Margaret Court has accepted Tennis Australia's invitation to the Australian Open to celebrate the 50th anniversary of her 1970 grand slam sweep.
The tennis great’s call for TA to recognise her achievements divided fans due to her controversial views on homosexuality and same-sex marriage.
While TA doesn't agree with Court's views, the governing body says it's important to recognise her efforts in winning the Australian Open, French Open, Wimbledon and US Open in the same calendar year.
"I'm looking forward to celebrating the 50th anniversary of winning the grand slam with my family and friends at the Australian Open," Court said.
Confirming the news on its website, Tennis Australia said while recognising Court's achievements in the sport, it did not share many of her controversial views.
"Tennis Australia respects Margaret’s unmatched tennis career and welcomes her to the Australian Open, particularly in this milestone anniversary year," the statement read.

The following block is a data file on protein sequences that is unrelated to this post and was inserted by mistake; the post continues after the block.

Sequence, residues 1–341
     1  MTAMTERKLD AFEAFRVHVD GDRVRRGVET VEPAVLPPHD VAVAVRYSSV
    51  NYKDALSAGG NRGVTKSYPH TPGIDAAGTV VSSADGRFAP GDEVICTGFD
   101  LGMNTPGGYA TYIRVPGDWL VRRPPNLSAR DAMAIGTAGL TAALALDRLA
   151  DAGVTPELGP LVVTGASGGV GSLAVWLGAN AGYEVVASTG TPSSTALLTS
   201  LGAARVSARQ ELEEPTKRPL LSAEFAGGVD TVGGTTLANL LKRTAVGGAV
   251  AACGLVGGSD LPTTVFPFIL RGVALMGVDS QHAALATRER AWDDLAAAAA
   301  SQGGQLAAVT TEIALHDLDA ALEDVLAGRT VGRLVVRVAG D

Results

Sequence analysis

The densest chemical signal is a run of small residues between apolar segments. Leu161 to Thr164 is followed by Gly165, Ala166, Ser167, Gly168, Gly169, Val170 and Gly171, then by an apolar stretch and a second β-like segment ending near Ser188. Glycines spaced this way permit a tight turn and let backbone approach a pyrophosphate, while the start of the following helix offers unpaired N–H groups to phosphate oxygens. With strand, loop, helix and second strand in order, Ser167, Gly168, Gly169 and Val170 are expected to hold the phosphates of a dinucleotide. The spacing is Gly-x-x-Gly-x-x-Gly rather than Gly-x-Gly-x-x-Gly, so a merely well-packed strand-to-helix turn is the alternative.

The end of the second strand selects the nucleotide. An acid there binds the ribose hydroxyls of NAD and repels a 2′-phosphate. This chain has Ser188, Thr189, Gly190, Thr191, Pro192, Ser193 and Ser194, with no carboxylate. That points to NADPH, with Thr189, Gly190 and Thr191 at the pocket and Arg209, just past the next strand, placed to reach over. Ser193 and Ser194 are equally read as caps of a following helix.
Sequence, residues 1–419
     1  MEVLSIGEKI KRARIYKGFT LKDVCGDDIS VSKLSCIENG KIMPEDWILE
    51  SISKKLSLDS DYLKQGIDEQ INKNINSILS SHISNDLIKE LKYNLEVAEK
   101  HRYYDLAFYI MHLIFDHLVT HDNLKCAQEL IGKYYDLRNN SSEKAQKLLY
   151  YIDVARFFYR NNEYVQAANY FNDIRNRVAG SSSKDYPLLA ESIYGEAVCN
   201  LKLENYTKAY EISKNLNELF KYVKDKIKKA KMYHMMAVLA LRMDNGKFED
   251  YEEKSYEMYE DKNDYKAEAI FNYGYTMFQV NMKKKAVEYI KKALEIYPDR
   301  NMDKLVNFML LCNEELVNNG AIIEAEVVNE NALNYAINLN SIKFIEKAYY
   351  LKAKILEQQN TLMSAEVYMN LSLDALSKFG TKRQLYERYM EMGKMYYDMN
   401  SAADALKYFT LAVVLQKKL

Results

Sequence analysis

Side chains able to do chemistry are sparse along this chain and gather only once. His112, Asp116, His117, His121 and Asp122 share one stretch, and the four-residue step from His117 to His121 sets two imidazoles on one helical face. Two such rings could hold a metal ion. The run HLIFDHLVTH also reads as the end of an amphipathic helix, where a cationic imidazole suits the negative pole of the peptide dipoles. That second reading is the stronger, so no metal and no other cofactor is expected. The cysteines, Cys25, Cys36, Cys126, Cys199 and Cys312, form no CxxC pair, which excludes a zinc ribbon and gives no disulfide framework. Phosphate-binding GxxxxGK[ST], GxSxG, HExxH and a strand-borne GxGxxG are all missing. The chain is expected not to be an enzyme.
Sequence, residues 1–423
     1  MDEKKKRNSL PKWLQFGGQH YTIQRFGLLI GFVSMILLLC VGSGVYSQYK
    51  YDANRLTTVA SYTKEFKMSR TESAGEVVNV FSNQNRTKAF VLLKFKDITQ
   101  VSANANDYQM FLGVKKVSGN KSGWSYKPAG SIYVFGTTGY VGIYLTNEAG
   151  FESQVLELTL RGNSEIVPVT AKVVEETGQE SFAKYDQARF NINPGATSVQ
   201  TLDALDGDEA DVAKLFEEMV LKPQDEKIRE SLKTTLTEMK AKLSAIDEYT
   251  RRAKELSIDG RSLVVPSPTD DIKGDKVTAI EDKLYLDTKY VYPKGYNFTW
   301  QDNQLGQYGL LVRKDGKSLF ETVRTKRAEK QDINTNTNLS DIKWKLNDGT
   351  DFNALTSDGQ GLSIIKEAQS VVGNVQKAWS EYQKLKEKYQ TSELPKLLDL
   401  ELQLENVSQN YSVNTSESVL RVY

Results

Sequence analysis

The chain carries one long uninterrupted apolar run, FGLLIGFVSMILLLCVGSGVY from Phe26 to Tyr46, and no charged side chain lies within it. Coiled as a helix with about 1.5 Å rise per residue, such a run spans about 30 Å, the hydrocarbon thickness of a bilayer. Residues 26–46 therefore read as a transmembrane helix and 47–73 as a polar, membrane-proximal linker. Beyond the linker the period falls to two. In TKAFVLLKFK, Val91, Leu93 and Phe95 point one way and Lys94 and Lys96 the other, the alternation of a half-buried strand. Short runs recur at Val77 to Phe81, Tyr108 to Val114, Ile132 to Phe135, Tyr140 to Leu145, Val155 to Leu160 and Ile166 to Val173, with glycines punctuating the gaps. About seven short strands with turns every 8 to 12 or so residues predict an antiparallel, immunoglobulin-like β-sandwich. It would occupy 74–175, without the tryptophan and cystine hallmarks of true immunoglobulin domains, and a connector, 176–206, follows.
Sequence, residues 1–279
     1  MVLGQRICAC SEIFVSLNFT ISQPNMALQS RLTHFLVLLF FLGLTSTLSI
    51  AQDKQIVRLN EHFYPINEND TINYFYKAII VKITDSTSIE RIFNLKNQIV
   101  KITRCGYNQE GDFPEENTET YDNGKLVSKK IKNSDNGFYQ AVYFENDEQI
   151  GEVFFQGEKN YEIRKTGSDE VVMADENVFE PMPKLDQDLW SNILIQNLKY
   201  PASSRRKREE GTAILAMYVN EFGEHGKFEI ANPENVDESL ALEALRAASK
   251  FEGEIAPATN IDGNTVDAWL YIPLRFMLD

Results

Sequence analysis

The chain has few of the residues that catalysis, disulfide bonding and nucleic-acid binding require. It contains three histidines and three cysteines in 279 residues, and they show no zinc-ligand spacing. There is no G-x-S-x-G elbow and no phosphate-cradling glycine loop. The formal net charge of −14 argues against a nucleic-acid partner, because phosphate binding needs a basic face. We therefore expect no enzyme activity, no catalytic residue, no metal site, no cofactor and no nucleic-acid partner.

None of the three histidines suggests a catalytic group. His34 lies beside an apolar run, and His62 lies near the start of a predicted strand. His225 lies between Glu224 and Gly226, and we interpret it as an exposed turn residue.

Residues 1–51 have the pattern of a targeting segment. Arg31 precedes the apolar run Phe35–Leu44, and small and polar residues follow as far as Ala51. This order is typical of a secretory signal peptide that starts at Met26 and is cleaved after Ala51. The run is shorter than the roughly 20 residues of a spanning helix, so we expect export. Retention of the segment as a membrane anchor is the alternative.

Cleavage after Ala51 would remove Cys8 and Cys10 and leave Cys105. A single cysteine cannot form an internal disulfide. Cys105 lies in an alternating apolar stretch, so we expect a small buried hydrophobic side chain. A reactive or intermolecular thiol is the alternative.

"As often stated, Tennis Australia does not agree with Margaret’s personal views, which have demeaned and hurt many in our community over a number of years. They do not align with our values of equality, diversity and inclusion.
"Our sport welcomes everyone, no matter what gender, ability, race, religion or sexuality, and we will continue to actively promote inclusion initiatives widely at all levels of the sport."
The confirmation comes after Court this month called on Tennis Australia to afford her the same recognition Rod Laver received for his 1969 grand slam anniversary at this year's Australian Open.
Court said she wouldn't return to Melbourne Park unless formally welcomed back.
The 77-year-old holds the all-time record of 24 grand slam singles titles but her on-court achievements have been more recently overshadowed by her outspokenness on same-sex relationships and transgender issues.
Court’s comments upset Aussie players
Australian players including Samantha Stosur have spoke out against the Pentecostal minister in the past after her personal attack on openly gay player Casey Dellacqua and her partner Ashley Judd.
Court said in a 2013 letter to the editor it was sad the couple's son Blake had been "deprived of his father".
The tennis great has not attended the Australian Open since 2017, when she was heavily criticised after voicing her opposition to same-sex marriage.
Tennis greats including Billie Jean King have called for her name to be removed from Margaret Court Arena at Melbourne Park.